Gays and Lesbians Opposing Violence (GLOV) elected new co-chairs, Hassan Naveed and A.J. Singletary. As GLOV moved forward, another local organization, Prevention Works!, started as a project of Whitman-Walker Clinic and focusing on needle exchange to prevent transmission of HIV, announced its closing. Also on the HIV front, Mayor Gray announced a new D.C. Commission on HIV/AIDS.


The big news that literally shook the world in March was the gigantic March 11 earthquake and subsequent tsunami that devastated Japan.

Seismic destruction or not, many scheduled D.C. events went on as planned. Freddie’s Beach Bar celebrated 10 years with – what else? – a purple party. The Capital Area Gay & Lesbian Chamber of Commerce beat the quake by two days with it 3rd Annual Mega LGBT Networking and Social Event at Town. Food & Friends held Dining Out for Life the next night, March 10. Team DC held its annual fashion show March 12. On March 19, it was time for the Capital Queer Prom, Servicemembers Legal Defense Network 19th annual dinner, and the Marriage Equality Wedding Expo marking a year of marriage equality in D.C.

In politics, the White House held a conference on bullying, but fell short of endorsing anti-bullying bills. House GOP leadership voted to defend DOMA. And Rep. Barney Frank (D-Mass.) and colleagues closed out the month announcing the reintroduction of the Employment Non-Discrimination Act. More locally, the D.C. chapter of Log Cabin Republicans endorsed Patrick Mara in the special election for At Large member of the City Council. The Stein Democrats endorse Sekou Biddle in that race. And on March 11, Maryland marriage equality was put on hold. On March 26, however, the Maryland House passed the Gender Identity Anti-Discrimination Act.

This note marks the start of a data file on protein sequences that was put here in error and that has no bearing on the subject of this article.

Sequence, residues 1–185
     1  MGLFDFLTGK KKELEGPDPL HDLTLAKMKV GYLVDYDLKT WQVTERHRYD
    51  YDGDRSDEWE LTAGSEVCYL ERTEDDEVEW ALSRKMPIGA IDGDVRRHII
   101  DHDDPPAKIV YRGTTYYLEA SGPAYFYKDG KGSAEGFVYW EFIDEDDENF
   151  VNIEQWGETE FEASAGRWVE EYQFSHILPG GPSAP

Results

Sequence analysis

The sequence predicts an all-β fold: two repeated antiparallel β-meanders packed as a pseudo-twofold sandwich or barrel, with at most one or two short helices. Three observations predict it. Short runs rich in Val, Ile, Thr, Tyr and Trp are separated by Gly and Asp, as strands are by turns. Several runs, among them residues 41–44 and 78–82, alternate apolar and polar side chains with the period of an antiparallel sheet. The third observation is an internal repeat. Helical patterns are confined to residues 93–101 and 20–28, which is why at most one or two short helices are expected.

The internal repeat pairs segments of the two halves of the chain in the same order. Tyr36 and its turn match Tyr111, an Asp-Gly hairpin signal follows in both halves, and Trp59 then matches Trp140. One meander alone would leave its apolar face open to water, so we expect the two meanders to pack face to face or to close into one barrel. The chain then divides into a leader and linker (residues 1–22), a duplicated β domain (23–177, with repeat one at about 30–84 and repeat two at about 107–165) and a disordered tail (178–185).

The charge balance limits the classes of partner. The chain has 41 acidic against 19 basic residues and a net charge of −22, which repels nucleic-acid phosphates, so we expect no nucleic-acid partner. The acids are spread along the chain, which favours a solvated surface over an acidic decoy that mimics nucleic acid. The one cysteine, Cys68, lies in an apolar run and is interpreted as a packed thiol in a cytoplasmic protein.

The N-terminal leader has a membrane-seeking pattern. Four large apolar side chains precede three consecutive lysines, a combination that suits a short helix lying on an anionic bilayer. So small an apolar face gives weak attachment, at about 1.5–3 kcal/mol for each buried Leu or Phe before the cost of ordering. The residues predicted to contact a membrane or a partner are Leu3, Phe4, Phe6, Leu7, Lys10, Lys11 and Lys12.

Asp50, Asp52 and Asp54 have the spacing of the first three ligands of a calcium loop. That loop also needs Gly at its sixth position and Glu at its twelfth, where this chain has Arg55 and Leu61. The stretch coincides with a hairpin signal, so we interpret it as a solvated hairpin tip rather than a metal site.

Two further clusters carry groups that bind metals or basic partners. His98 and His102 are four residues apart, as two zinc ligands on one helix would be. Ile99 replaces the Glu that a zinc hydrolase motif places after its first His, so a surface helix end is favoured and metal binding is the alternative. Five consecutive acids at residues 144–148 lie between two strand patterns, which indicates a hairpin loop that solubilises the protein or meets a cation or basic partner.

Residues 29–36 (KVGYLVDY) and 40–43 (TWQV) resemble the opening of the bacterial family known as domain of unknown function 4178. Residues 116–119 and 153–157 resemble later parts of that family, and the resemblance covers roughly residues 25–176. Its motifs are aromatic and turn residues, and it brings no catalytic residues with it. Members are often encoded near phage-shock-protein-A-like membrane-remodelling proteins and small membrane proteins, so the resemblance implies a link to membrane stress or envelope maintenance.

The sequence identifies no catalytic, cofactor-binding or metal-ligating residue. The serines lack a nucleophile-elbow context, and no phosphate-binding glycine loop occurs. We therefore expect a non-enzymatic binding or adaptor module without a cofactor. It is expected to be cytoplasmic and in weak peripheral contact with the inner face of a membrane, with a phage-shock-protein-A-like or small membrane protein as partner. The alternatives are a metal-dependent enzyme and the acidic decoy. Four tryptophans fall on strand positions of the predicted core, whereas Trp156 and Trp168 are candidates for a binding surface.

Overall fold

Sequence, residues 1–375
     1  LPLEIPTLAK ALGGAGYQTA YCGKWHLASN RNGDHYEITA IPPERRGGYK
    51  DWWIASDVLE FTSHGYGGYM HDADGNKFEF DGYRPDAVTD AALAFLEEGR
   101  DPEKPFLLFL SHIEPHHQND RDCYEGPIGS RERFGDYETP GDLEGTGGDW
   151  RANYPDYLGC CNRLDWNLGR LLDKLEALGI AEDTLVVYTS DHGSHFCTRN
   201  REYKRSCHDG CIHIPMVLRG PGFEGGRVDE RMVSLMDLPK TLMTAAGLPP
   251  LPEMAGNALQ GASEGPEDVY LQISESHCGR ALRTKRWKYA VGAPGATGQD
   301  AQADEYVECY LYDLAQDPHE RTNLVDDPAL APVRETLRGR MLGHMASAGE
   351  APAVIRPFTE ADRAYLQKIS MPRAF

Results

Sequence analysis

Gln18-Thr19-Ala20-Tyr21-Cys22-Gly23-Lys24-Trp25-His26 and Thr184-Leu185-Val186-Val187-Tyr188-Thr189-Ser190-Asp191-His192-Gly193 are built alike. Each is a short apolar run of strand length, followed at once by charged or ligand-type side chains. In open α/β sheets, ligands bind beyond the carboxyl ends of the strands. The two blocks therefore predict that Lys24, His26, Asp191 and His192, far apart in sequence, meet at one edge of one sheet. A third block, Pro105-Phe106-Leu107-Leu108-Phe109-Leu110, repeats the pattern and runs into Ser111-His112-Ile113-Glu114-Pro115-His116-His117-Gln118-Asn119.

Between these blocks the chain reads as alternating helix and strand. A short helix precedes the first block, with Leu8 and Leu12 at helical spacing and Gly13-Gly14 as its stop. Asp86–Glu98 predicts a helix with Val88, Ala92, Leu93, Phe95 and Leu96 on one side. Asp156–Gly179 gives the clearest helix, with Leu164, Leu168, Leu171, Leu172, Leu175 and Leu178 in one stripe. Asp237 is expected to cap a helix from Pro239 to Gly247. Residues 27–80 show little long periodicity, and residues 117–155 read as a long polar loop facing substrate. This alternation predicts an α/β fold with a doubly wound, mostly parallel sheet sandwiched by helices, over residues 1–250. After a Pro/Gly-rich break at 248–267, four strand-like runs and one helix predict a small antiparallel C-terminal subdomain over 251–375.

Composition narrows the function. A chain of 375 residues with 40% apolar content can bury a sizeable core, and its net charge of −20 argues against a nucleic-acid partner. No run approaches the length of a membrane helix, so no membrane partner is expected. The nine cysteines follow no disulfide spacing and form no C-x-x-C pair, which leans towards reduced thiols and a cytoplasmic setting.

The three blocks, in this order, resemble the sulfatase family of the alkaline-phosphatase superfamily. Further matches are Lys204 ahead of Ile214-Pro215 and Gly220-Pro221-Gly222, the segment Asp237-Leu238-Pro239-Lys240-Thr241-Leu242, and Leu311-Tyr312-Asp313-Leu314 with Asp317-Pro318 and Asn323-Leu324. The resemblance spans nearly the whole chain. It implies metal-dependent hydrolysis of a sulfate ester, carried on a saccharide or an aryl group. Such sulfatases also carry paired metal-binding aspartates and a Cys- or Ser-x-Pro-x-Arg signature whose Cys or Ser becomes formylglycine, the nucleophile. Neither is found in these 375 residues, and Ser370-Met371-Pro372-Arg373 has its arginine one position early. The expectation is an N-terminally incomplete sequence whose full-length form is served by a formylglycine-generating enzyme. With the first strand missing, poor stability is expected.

Taking a look at the collective pocketbook, the Movement Advancement Project released a report that showed fewer than 5 percent of LGBT people donating to LGBT organizations.


The Maryland 2011 legislative session ended April 11 with the state Senate undoing the House’s work by killing the Gender Identity Anti-Discrimination Act. In D.C. politics, voters in the special election – despite the endorsements of different candidates by LCR-DC and Stein Dems – returned Vincent Orange to the City Council.

Eyes remained on Maryland in April as a young transgender woman, Chrissy Polis, was brutally attacked at a Baltimore-area McDonald’s. The community rallied at the restaurant six days later, making particular note of the Maryland Senate dropping the ball on antidiscrimination protection just days earlier. Later in the month, Equality Maryland’s executive director, Morgan Meneses-Sheets, said she was being fired, which the board contested, marking the beginning of a transformative – and shaky – period for the organization.